filed his second amended petition, which is now the operative
petition, on June 12, 2015. (ECF No. 62.)
second amended petition asserts six grounds for relief, the
sixth with eight sub-claims, as follows:
1. Aguilar's federal constitutional rights were violated
because the trial court admitted "highly prejudicial
evidence of other wrongs.”
2. Aguilar's federal constitutional rights were violated
because the trial court admitted “totally irrelevant
evidence of a bayonet and machete being found in
3. Aguilar's federal constitutional rights were violated
as a result of instructions given to the jury regarding the
elements of first degree murder.
4. Aguilar's federal constitutional rights were violated
because the trial court refused admission of evidence offered
by Aguilar regarding parole eligibility.
5. Aguilar's federal constitutional rights were violated
because the trial court allowed the State to file a notice of
habitual criminality after the jury's verdicts in both
phases of the trial.
6. Aguilar's federal constitutional rights were violated
as a result of ineffective assistance of his trial counsel.
6A. Trial counsel “was ineffective for failing to
investigate and present evidence that the weapon used to kill
the victim belonged to a police officer and that the police
officer may have fired the fatal shot.”
6B. Trial counsel was ineffective for not preventing the
admission of evidence that Aguilar had a prior felony
6C. “Trial counsel was ineffective for failing to
investigate and present evidence that the weapon used to kill
Mark Emerson belonged to Officer Brian Debecker and that the
officer may have [fired] the fatal shot.”
6D. “Trial counsel was ineffective for failing to
effectively prevent the admission of the tainted, unreliable
and suggestive extra-judicial and in-court photographic
lineup identification . . . .”
6E. “Trial counsel was ineffective for failing to file
a motion to suppress the search of Gloria Olivares'[s]
apartment.” 6F. “Trial counsel was ineffective
for failing to prevent the video from the 7-11 from being
admitted at trial and for failing to investigate another
theory of defense.”
6G. “Trial counsel was ineffective for failing to move
to suppress the evidence of the palm print of David Aguilar
found on the Maadi semi-automatic rifle found in Gloria
6H. “Trial counsel was ineffective for failing to
prevent Annette Aguilar from testifying.”
(Second Amended Petition (ECF No. 62), at 9-44.)
2, 2015, Aguilar commenced a second state habeas action.
(See Petition for Writ of Habeas Corpus
(Post-Conviction), Exh. 1 to Motion to Lift Stay (ECF No.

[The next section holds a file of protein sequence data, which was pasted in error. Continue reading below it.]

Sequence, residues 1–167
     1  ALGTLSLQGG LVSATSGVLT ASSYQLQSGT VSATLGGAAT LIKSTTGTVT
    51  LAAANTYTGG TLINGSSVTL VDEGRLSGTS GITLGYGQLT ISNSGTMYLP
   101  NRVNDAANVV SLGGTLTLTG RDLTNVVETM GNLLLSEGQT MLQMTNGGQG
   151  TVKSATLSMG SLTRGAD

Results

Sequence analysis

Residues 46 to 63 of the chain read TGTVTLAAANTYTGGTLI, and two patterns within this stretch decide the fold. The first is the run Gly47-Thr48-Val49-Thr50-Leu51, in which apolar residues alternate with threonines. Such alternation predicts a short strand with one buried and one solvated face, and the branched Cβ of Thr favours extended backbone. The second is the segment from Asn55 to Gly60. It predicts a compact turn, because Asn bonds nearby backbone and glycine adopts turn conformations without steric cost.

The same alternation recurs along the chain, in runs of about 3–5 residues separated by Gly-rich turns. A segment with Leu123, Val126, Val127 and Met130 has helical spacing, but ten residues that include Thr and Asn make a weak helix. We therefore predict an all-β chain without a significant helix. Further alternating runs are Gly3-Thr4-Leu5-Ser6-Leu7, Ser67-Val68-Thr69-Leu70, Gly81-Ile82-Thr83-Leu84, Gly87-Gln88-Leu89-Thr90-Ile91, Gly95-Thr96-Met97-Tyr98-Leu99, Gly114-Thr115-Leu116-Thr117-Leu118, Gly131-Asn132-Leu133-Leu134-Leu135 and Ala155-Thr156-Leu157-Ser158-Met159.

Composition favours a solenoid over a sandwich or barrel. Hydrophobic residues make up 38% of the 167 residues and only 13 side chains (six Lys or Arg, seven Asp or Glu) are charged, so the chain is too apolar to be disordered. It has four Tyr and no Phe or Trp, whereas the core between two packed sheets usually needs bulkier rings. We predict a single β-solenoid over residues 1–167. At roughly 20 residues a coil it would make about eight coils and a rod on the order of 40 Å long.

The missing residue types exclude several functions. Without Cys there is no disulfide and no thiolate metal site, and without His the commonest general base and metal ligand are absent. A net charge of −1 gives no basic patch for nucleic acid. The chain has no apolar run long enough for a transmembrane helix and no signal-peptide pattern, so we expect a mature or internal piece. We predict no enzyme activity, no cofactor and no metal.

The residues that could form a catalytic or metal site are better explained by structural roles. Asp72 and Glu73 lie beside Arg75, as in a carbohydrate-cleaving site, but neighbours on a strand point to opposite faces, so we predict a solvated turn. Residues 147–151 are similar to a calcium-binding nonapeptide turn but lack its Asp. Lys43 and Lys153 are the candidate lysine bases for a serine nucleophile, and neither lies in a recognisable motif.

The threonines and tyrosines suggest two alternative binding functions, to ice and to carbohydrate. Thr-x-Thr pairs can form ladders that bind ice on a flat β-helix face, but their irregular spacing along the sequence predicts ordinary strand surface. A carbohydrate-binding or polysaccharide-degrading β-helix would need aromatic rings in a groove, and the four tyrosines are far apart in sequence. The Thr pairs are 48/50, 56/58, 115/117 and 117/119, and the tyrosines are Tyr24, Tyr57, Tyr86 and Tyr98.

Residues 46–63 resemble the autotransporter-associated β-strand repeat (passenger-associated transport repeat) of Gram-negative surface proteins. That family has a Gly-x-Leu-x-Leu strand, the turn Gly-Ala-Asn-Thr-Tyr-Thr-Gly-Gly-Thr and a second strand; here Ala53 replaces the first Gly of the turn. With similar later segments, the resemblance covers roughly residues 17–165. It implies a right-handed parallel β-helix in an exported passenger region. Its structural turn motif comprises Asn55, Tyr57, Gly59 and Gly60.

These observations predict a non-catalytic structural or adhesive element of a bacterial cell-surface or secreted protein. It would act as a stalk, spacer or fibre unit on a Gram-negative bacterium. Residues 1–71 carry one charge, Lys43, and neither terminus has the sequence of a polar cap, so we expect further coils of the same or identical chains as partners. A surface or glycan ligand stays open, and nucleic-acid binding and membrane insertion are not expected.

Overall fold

64-1).) In an order filed September 14, 2015, the state
district court denied Aguilar's petition, finding that it
was untimely and successive. (See Findings of Fact,
Conclusions of Law and Order, Exh. 2 to Motion to Lift Stay
(ECF No. 64-2).) Aguilar appealed, and the Nevada Supreme
Court affirmed on April 14, 2016. (See Order of
Affirmance, Exh. 5 to Motion to Lift Stay (ECF No. 64-5).)
The stay of this action was then lifted, on a motion by
Aguilar, on June 6, 2016. (See Order entered June 6,
2016 (ECF No. 65).)
filed a motion to dismiss Aguilar's second amended
petition on September 20, 2016. (ECF No. 68.) In that motion,
Respondents asserted that Grounds 1 and 3 of the Petition are
barred by the doctrine of procedural default, and should be
dismissed. On November 29, 2016, the Court granted the motion
to dismiss in part and denied it in part. (ECF No. 70.) The
Court granted the motion with respect to Ground 1, and
dismissed that claim as procedurally defaulted; regarding
Ground 3, the Court denied the motion to dismiss, without
prejudice to Respondents asserting the cause and prejudice
defense to that claim in their answer. (Id.)
filed an answer on April 27, 2017. (ECF No. 76.) Aguilar
filed a reply on June 7, 2017. (ECF No. 77.)
brother and codefendant, David Aguilar, also pursued a
federal habeas corpus action in this Court, and the Court
denied relief in that case. (See Case No.
3:12-cv-00315-MMD-VPC.) The Court takes judicial notice of
the proceedings in that case.
Standard of Review
U.S.C. § 2254(d) sets forth the standard of review
applicable in this case under the Antiterrorism and Effective
Death Penalty Act (“AEDPA”):
An application for a writ of habeas corpus on behalf of a
person in custody pursuant to the judgment of a State court
shall not be granted with respect to any claim that was
adjudicated on the merits in State court proceedings unless
the adjudication of the claim --
(1) resulted in a decision that was contrary to, or involved
an unreasonable application of, clearly established Federal
law, as determined by the Supreme Court of the United States;
(2) resulted in a decision that was based on an unreasonable